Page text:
What is the only true, great joy in life, that which renders us certain, that makes us enthusiastic protagonists of history in the world? It’s the joy that is born from the awareness that we are loved, wanted, desired, that is born from the certainty of being sons and daughters. What is, on the other hand, the one, true, great temptation of man? Thinking that life, this great promise given to us, is an illusion, is a huge hoax. It’s the temptation of believing that the meaning of life is nothing, that behind everything is a void. The great poet Eugenio Montale aptly expresses this temptation when he imagines that one morning, turning around suddenly while walking, he is surprised by the nothingness behind him. This is our temptation, and it is also the mother of every sin: thinking that everything is contrived, and that God is an imposter, an enemy. And thus we discover ourselves orphans, without a father. Genesis describes the origin of sin, born as a consequence of this doubt that has slipped into the heart of the man and the woman. It’s a doubt in God, or a doubt that he, who should be our father, is, in reality, an imposter, someone who wants to cheat us, jealous of his power over reality. The first consequence of sin is fear (I hid myself because I was afraid, Gen 3:10), which becomes fear of death and of life, fear of sickness, of pain, of solitude.
This is why the greatest sin that adults can commit is that of causing doubt in the little ones, making them feel they are children of no one, alone and prey to the violence of the world. This is a sin that becomes even more serious when he who should be a father reveals all of his falsehood and violence. From where can we start again? From Christ, who came to the world to announce that we are not orphans, and that God is our true Father. As Pope Francis said, “In Him is offered the fatherhood of God which is never taken away.” The greatest sin, then, consists of negating Christ and the truth that He has brought. As Benedict XVI said several years ago, “The scandal is to destroy in these people the faith, the light of Christ, to take Christ away from them, and so God. One can do this either with intellectual arrogance, which can present faith in a ridiculous light, or with other means of the powers of this world. This is the real sin: to destroy in men communion with Christ, to take the divine light away from them.” And he added, “If the gravest sin is to destroy the divine light in a man, to take Christ away from him and thus God, then the greatest possibility of acting from a divine viewpoint is to proclaim Christ, to help man meet him, to give others the light of God.”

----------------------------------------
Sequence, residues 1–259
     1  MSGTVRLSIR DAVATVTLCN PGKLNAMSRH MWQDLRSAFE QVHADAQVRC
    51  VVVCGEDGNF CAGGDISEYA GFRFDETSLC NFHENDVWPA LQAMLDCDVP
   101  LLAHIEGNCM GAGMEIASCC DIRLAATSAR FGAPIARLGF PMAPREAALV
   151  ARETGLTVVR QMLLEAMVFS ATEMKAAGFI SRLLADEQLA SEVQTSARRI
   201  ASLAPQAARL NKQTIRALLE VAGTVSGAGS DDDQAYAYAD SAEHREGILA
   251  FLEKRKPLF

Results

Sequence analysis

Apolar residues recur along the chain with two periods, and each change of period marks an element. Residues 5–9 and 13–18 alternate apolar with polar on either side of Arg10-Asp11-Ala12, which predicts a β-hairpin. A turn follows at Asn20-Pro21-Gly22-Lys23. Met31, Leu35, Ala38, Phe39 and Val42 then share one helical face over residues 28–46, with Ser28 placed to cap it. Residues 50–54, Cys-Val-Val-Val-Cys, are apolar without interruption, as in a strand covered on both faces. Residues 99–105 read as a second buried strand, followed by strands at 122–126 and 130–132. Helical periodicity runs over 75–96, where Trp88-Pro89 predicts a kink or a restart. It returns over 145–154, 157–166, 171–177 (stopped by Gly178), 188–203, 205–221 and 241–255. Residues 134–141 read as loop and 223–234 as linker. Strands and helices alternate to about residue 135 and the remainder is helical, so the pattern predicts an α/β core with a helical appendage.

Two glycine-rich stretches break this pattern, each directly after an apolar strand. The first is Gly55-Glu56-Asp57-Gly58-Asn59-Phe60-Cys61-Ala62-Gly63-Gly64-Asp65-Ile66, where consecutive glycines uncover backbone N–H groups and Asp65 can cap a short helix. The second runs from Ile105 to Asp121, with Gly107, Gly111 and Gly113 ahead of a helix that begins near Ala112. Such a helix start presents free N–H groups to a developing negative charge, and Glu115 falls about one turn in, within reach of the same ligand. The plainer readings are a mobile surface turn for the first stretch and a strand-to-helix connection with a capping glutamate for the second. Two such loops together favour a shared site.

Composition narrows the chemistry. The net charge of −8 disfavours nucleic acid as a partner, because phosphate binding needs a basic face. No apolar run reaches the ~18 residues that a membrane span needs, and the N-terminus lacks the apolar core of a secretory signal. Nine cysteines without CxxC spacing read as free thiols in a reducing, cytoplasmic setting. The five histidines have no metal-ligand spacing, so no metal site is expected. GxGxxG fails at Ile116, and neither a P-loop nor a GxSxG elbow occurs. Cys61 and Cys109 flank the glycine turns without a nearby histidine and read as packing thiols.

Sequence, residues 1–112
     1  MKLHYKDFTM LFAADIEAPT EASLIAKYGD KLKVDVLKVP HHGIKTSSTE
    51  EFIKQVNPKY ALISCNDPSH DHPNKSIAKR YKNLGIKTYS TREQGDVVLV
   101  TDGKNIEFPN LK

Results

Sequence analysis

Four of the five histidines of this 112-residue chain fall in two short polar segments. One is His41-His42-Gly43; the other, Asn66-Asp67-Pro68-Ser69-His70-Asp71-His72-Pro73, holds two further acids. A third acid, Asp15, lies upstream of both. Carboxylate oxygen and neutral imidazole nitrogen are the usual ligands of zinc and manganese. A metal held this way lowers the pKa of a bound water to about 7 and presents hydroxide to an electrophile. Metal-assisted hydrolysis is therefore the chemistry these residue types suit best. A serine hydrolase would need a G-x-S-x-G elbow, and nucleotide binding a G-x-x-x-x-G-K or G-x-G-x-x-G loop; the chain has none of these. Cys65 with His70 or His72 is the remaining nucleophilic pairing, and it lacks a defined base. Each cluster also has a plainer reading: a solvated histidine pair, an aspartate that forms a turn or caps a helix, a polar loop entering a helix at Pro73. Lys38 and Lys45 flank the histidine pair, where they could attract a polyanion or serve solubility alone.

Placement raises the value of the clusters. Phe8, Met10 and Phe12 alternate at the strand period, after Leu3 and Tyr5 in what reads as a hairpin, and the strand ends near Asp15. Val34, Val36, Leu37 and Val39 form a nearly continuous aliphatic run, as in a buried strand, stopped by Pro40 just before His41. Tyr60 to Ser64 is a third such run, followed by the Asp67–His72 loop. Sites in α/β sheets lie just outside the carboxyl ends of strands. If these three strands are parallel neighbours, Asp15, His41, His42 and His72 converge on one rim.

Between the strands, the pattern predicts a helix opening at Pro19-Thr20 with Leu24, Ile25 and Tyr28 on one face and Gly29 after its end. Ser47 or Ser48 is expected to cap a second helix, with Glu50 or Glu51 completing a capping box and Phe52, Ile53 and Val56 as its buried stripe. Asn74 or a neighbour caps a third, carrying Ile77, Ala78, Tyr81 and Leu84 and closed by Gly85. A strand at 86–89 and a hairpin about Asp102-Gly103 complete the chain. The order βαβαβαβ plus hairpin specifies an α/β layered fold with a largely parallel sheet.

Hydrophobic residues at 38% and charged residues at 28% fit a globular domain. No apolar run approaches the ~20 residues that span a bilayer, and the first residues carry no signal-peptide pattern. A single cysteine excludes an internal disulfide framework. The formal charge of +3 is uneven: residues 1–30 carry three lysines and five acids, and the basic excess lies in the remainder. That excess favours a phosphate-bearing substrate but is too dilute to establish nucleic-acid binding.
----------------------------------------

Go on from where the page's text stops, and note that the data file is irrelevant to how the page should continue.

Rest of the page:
How could we not be discouraged by the continuous betrayals of those called to be educators and teachers, starting with those of us who are priests? How can we return to generating faith in those whom God has entrusted to us? By returning to our vocation as fathers, which traces its origins to the mission of Christ. “Children look at us and ask us for a sign” sings Claudio Chieffo in “Il viaggio” (“The Journey”). The children and young people who are entrusted to us turn to us and ask, once again, that we be fathers. They ask for signs, proof that there is still value in trusting another, that they can know they are children and not orphans, so that one day they will be fathers and mothers, too. They ask that our life be a reverberation of Christ’s, that through us they can experience the truth of the message that He has made to the world. And they make us rediscover our vocation each day, that of giving them Christ, because he who does not give Christ, gives too little.